Cooling Off Hot Emotions by Intellectualizing

We, as human beings, have developed some pretty meticulous ways to keep ourselves in an emotional equilibrium. We don’t like to feel bad. We want to be neutral or better. We avoid, deny, distort, project, disassociate, repress, displace, and intellectualize in an effort to avoid an uncomfortable emotion. All are effective to a certain extent, but there’s one defense mechanism that I see expats use more than all the others: intellectualizing.

We, as human beings, have developed some pretty meticulous ways to keep ourselves in an emotional equilibrium. We don’t like to feel bad. We want to be neutral or better. We avoid, deny, distort, project, disassociate, repress, displace, and intellectualize in an effort to avoid an uncomfortable emotion. All are effective to a certain extent, but there’s one defense mechanism that I see expats use more than all the others: intellectualizing.

What Is It?

Intellectualizing is when we use logic to escape uncomfortable emotions like sadness, anxiety and anger. We focus on the facts, sterilizing ourselves from the emotions.

Why Do We Do It?

  • It gives us distance from the “hot” emotion. Cooling off the hot emotion gives us psychological protection. It’s a lot safer to say, “I’m upset” or “I have a lot going on right now” than “I’m sad.” The vague and ambiguous phrases allow us to not truly feel the emotion and it’s generally understood enough by others that they don’t question it.

  • It protects our identity as adults. Plain, basic words like “mad, sad, or glad” feel immature. We talked like that when we were kids, but not now. To keep our appearance of maturity intact, we choose to use words that sound like emotions, but aren’t. “I’m irritated that my luggage is lost” sounds more adult-like than “I’m scared I’m not going to have a suit for tomorrow’s meeting.”

  • It’s infused into our culture that in order to be heard you have to be emotionless.

Examples of What It Looks Like

  • Throw ourselves into planning the funeral

  • Make a list of all the benefits to being single

  • Endless googling of a medical diagnosis

  • Create lots of complex spreadsheets to illustrate our finances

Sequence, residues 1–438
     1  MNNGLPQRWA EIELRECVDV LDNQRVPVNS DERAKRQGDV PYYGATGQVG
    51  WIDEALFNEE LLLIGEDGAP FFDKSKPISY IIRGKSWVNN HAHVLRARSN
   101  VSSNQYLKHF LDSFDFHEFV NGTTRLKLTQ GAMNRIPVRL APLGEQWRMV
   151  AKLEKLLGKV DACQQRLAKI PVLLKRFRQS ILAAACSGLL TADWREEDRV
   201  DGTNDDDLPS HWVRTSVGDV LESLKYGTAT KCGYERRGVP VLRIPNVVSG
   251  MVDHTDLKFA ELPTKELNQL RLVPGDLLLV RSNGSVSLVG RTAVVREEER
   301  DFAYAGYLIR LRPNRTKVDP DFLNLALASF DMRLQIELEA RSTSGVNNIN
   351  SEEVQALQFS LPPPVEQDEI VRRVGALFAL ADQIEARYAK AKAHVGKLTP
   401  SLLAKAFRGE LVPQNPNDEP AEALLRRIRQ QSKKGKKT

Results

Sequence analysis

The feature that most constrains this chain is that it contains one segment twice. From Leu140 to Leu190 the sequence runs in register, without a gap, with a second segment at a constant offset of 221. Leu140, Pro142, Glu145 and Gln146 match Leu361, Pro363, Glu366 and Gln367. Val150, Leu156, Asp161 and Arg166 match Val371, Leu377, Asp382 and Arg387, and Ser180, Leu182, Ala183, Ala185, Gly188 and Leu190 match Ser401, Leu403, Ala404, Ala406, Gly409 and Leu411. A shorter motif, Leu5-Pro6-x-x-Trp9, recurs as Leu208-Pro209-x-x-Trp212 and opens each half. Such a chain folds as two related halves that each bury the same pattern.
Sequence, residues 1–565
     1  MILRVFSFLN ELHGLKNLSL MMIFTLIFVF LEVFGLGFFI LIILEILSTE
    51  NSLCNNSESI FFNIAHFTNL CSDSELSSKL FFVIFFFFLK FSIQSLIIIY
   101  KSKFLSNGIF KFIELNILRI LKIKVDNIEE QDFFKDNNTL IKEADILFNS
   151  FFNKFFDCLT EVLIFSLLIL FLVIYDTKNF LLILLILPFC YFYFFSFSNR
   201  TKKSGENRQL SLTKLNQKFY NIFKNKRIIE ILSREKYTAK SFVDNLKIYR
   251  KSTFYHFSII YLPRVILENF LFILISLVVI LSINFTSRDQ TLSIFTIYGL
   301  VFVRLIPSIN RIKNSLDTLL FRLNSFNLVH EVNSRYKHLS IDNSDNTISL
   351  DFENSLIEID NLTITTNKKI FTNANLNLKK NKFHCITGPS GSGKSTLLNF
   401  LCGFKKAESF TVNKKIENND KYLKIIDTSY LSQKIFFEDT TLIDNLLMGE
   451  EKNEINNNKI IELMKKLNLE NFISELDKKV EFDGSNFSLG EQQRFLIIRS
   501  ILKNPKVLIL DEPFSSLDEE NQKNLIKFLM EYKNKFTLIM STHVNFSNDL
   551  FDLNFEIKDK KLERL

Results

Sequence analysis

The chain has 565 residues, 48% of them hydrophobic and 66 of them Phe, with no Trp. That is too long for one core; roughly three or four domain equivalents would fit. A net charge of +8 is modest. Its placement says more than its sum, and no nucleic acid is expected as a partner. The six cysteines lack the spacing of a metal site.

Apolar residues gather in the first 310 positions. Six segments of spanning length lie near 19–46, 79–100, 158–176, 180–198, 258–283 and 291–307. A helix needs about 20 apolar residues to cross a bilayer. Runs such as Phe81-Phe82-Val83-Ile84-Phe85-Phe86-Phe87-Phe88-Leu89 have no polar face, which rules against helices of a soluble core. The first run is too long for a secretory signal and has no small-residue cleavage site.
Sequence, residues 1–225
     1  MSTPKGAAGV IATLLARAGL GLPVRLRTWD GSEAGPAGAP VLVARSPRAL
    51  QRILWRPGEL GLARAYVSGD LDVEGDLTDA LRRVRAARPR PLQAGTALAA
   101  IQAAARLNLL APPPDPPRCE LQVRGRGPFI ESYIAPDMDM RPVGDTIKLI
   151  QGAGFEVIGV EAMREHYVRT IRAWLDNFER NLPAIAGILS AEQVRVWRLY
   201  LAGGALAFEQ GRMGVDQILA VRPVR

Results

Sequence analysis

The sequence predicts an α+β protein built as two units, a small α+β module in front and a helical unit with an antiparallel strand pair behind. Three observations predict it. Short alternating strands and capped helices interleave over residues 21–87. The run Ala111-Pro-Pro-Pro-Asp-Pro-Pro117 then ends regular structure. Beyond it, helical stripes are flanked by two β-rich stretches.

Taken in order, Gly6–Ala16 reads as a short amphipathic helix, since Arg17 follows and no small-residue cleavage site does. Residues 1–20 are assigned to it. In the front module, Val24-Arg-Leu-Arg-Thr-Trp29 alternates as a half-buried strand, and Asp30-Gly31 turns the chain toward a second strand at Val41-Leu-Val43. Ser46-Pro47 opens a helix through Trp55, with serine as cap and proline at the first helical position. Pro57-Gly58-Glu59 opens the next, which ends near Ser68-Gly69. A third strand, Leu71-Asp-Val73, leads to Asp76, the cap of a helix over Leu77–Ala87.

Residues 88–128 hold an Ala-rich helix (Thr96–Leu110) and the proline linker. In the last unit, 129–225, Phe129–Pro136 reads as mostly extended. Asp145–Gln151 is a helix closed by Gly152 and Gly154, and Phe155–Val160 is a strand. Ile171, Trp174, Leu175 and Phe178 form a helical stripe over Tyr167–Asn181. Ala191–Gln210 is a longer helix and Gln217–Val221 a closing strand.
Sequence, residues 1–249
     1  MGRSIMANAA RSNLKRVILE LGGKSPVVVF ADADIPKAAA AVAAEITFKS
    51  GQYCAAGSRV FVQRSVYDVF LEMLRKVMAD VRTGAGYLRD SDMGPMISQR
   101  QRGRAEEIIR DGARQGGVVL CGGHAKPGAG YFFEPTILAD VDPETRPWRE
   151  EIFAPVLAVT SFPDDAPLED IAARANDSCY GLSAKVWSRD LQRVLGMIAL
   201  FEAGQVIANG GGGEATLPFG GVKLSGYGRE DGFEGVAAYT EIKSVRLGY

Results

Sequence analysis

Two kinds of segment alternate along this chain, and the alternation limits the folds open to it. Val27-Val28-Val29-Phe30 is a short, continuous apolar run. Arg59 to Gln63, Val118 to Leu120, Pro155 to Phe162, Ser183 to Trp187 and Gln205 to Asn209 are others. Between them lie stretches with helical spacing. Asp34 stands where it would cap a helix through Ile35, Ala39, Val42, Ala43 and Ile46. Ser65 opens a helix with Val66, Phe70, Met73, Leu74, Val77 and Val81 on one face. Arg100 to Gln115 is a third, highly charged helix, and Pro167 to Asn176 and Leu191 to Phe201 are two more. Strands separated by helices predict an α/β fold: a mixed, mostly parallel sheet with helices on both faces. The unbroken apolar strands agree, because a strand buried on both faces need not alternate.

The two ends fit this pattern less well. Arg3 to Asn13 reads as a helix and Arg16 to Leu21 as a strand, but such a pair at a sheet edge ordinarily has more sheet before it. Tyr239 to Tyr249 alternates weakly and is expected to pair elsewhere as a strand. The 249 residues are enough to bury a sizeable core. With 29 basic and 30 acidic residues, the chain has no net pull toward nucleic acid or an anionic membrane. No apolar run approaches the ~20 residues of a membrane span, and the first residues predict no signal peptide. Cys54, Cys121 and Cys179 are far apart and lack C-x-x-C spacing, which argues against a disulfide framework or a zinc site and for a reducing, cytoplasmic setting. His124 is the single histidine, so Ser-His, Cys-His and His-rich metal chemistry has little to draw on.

• Use jargon rather than plain English. (carcinoma vs cancer)

  • Hyper focused on the logistics of physically getting your kid to college

And this isn’t good, why??

Intellectualizing may be a good thing in the very short term. It allows us to take action if we need to. You cannot plan a funeral when you are immobilized by devastating sadness. Intellectualizing is the thing that allows us to decide between cremation or burial, start chemo or not. If we went around emoting every emotion we felt, nothing would ever get done. But, it’s only acknowledging 50% of what’s really going on. There is a factual, tangible piece (funeral planning) and the emotional piece (grief). If we do not, at some point, acknowledge and feel the emotional piece, several things can happen.

  • Staying in Logic Land becomes so habitual that we no longer recognize our own feelings. When we can’t identify our own feelings, we lose the ability to empathize with others. This can be super destructive in relationships because lack of empathy keeps us from recognizing when we screw up and being accountable. This starts the erosion of a true partnership. If you don’t take responsibility for relational missteps, your partner will feel unseen and inconsequential. And nothing good comes from that.

  • We can become isolated. We are emotionally messy. We relate to others who show us their “hot mess.” We grow deep connections from raw moments. We do not have deep connections first, then raw moments later. We instinctively shy away from people who are always cool and rational. Yes, you should be cool and rational with your boss, but you’re not looking to form a deep connection with your boss.

What To Do About It

  • Come off autopilot – Notice when you are using a catch-all phrase or metaphor rather than using a feeling word. Google “feeling words list” to refresh your memory of how to actually label an emotion.

  • Build distress tolerance – Using plain language to describe your emotional experience is going to be uncomfortable and probably make you feel vulnerable. Provided you’ve chosen a safe environment and with a trusted person to express your emotions, sit in the discomfort. It will pass.

  • Practice – Keep doing it. The distress will pass. It will become your new autopilot. Your relationships will deepen.

I recognize that breaking the intellectualization habit is a lot easier said than done. I also acknowledge that expressing a genuine emotion in the moment is a privilege that not everyone can enjoy. Marginalized groups run the risk of being further marginalized if they are emotional in a place or around people who feel threatened by displays of emotion. However, examining our intellectualizing habit in an existing close relationship is a good starting point for everyone.

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